Kyoto International Manga Museum#12 in Best Things To Do in Kyoto
Many of Kyoto's top attractions pay homage to a Japan of the past, but the Kyoto International Manga Museum focuses on a very current form of Japanese art. Manga is a style of comics that exploded in popularity during the post-World War II period (though some historians date it back to the 12th century) and has steadily been gaining worldwide exposure in the past 60 years. The International Manga Museum, which opened in 2006, showcases a massive collection of Manga (around 300,000 items), from famous works like "Astro Boy" to more obscure comics by non-Japanese artists.
Recent visitors marvel at the museum's extensive collection, and said this is a must-do if you're a manga fan. For many, being able to sit and read the manga copies stored here was a highlight (reviewers said it felt more like a library than a museum). Travelers were also pleased that there were translations in other languages besides Japanese.
The Kyoto International Manga Museum is open from 10 a.m. until 6 p.m. every day (last admission at 5:30 p.m.) except Wednesday. Admission costs 800 yen (about $7) for adults, 300 yen (about $3) for high school and junior high school students, and 100 yen (about $1) for elementary school students. The museum is a 2-minute walk from the Karasuma-Oike subway station in central Kyoto. It's also accessbile via city bus nos. 15, 51 and 65.
For more information, visit the Kyoto International Manga Museum's website.
More Best Things To Do in Kyoto
#1 Fushimi Inari Shrine
As far as Shinto shrines go (there are about 400 in Kyoto), this one is pretty special. Perched on a wooded hillside in southern Kyoto, Fushimi Inari is a 1,300-year-old temple dedicated to Inari, the Shinto deity of rice and sake (Japanese rice wine). The shrine complex dates back to the eighth century, but it's not the star of the show. Most visitors come for the close to 10,000 red and orange lacquered torii gates that line the 2 ½-mile-long path up Mount Inari, where the shrine sits. Sometimes in dense rows and other times more staggered, the gates are all engraved with the names of Shinto devotees who donated them.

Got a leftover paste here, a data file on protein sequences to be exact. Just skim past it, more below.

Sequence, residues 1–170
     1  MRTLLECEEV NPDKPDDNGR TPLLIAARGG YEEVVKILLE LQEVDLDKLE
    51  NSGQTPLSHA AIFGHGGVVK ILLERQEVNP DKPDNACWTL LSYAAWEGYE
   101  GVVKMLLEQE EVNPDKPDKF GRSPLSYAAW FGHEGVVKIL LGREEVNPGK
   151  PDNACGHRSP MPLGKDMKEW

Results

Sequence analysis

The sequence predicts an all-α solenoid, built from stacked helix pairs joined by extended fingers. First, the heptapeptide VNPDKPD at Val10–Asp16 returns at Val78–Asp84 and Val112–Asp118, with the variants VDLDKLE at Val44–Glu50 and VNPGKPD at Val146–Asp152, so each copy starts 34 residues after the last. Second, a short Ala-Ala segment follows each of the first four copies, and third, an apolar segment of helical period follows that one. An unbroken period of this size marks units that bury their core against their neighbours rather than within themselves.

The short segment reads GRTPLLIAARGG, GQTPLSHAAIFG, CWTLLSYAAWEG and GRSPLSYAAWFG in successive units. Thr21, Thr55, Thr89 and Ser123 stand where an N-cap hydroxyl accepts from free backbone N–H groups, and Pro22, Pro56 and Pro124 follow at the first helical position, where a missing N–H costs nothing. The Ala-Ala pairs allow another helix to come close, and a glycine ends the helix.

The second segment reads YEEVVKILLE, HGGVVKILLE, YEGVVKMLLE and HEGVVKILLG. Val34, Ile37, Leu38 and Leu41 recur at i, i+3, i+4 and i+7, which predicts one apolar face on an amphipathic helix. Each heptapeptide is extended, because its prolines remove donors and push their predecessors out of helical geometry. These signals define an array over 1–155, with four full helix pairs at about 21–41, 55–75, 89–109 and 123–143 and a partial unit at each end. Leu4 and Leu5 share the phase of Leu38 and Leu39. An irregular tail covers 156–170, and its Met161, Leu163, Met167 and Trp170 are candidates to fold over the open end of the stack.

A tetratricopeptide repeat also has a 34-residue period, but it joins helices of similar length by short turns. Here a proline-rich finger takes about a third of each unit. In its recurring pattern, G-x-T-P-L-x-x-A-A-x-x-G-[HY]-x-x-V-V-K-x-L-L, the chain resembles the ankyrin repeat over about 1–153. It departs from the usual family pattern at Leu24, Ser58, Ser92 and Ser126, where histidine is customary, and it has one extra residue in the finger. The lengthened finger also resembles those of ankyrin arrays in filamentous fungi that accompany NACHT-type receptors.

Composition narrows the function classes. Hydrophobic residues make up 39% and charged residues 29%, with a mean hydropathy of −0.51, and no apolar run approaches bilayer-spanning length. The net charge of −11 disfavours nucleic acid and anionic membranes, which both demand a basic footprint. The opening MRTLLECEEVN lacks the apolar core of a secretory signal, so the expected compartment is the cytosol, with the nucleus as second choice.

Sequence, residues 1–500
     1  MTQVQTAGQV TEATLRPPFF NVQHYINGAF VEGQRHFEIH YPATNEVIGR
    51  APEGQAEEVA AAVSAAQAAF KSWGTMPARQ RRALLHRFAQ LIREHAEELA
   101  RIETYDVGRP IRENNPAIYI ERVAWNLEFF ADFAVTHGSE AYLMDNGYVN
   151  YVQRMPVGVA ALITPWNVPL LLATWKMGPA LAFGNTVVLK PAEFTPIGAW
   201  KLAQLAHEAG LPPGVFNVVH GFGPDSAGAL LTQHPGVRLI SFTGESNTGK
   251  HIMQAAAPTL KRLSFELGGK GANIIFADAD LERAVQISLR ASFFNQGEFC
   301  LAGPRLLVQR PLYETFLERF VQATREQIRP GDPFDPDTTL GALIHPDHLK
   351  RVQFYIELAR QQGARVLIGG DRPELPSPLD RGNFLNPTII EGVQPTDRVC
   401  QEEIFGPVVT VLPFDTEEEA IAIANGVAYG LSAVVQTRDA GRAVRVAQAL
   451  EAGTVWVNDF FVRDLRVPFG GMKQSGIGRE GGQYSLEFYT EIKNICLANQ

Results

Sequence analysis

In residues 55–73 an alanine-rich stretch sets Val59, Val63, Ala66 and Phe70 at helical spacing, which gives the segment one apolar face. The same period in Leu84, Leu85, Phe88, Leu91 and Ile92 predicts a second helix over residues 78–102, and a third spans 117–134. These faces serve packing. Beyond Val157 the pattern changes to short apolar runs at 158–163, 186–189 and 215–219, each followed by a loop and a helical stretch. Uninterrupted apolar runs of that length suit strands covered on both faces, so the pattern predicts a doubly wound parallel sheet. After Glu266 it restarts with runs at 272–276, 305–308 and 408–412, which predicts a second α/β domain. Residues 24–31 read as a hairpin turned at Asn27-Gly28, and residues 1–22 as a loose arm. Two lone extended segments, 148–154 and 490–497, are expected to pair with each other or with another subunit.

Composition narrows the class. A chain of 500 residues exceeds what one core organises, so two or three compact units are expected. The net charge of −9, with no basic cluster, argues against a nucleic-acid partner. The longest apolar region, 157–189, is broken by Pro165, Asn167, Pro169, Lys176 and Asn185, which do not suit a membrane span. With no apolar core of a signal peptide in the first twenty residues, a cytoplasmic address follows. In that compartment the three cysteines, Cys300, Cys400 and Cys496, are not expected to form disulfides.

It takes about three hours to make the trek up the mountain, and some recent visitors say that the hike is mildly strenuous, but almost all agree this is a must-see spot in Kyoto, especially for first-time visitors. Plus, travelers report that there are plenty of places to stop and rest along the way. Peer at the dozens of stone and bronze foxes that line the paths along with the gates (foxes are thought to be Inari's sacred messengers). Or stop in to one of the tea houses or restaurants situated on the path, which serve udon noodle soup and sushi. Because crowds are drawn to their picturesque beauty, Fushimi Inari's trails can get quite congested during the day. To avoid the multitudes, opt for an evening stroll up the mountain – recent visitors say the pervading quiet coupled with the fading light filtering through the trees and torii gates makes for an eerie and spiritual experience. Early morning is another optimal time to experience the shrine sans the crowds.
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